(an outtake from Once More, From the Beginning. This is one of the bits that didn’t make it into the book.)
During the period of their captivity in Babylon, the Jews had to become quite inventive in order to keep their spirits up. Even the priests were expected to contribute an interesting selection of visions to augment the traditional tales with which the people whiled away the dreary hours. Naturally, some were more successful than others. One of the most creative was a self-effacing little priest named Ezekiel.
Among his most popular offerings – it came to him in broad daylight – was a set of four brassy multi-winged creatures, sporting four faces apiece, only a scattering of which were human, and accompanied by wheels . . . with eyes. Above them perched a throne, with what appeared to be a man sitting thereon. This was understood to be merely an image of the Glory of God, of course, because it will be remembered that God was rather shy about having his own likeness on display, and would never have allowed it (a subtle distinction, to the common layman.)
What might have seemed like a hallucination in a lesser man satisfied Ezekiel that he was in the presence of The Lord himself.
Having hand-picked Ezekiel to deliver a most important message to the Jews, The Lord was acutely aware of his messenger’s weaknesses as well as his more stellar qualities. The wee prophet was as faithful as any master could have required, but his memory left a little something to be desired. Anticipating a potential problem and not wishing to put any unnecessary strain on Ezekiel’s limited intellectual capacity, The Lord had the foresight to write his message on a scroll, which he instructed the obliging priest to eat – perhaps intending the information to be absorbed through his stomach lining by an innovative application of osmosis. The addition of a celestial sweetener made the words taste of honey, and Ezekiel was able to nibble his way through the entire scroll without even the hint of a bellyache.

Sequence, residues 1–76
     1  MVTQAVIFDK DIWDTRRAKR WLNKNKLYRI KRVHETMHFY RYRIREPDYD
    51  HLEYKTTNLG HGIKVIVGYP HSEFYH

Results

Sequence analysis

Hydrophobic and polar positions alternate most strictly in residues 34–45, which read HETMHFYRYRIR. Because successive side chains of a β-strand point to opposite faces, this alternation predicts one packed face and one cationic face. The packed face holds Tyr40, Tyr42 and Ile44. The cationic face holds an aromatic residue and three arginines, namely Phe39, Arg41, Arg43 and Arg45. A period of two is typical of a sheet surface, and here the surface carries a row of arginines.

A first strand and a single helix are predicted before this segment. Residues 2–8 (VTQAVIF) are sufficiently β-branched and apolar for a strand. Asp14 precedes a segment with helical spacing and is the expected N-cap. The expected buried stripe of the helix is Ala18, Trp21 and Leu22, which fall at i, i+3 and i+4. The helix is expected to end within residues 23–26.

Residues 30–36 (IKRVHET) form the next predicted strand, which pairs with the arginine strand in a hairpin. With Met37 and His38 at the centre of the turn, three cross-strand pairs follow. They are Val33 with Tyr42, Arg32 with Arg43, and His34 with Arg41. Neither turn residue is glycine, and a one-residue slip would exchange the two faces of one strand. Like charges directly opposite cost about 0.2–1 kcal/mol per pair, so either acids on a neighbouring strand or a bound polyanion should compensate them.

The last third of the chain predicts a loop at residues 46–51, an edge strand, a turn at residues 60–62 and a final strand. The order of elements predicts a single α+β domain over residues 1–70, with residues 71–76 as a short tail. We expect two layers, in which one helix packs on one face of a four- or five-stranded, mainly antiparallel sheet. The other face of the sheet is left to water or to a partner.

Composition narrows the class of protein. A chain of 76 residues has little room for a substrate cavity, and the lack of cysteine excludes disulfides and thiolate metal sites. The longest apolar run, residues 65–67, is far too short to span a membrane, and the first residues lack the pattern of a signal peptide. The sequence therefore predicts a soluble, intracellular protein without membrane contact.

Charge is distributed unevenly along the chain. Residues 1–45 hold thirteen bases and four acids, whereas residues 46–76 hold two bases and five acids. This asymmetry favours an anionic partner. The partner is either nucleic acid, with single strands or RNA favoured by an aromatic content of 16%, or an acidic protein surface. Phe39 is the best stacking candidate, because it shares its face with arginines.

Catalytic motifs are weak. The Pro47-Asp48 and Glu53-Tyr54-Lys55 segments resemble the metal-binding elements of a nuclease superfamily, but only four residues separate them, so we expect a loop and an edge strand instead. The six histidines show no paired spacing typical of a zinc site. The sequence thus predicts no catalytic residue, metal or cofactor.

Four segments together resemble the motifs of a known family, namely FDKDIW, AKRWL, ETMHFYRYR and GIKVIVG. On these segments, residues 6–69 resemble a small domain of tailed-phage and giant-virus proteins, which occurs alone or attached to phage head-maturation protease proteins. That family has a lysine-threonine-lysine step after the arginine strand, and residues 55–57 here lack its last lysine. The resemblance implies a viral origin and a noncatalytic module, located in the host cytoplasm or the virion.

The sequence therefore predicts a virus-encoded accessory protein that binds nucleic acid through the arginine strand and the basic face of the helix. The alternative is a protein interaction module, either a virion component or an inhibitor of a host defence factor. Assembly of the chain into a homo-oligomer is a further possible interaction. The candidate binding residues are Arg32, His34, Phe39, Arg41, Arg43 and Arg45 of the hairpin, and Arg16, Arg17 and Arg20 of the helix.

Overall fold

He was finishing up the last few phrases when God thought to give him a heads-up. “Just so you know,” he warned, “you’ll be kidding yourself if you think the house of Israel will listen to one word of it.” This must have made the whole meal seem a bit pointless, but Ezekiel was much too loyal to say so.
In fact, The Lord must have had some very serious concerns about the prophet’s safety, for he took the singular precaution of strengthening Ezekiel’s forehead so that it would be harder than flint. (It must be assumed that the children of Israel had formed an unseemly habit, at that time, of butting heads with anyone whose pronouncements displeased them; otherwise The Lord would not have found it necessary to provide Ezekiel with this particularly unusual form of protection.)
The wheely, winged creatures – which must have been much more corporeal than he had any reason to suspect – carried Ezekiel from vision dream-land back to Babylon where he sat, stunned, for the next week or so. Eventually, God noticed him sitting there, appearing to be somewhat unclear about the exact nature of his duties as prophet; perhaps the slow-witted priest assumed that eating the book had been enough, and that no further action need be taken.
“Look,” The Lord suggested, testily, “if you don’t get busy warning the people to reform their wicked ways right away,” (that appears to have been one of the issues covered in the book) “you’re going to be paying for their sins out of your own pocket!”
Unfortunately, this ultimatum simply sent the little man to bed with a sick headache and God was forced to realize that his plan was not going at all well. He cast about for a more creative way to spread his message.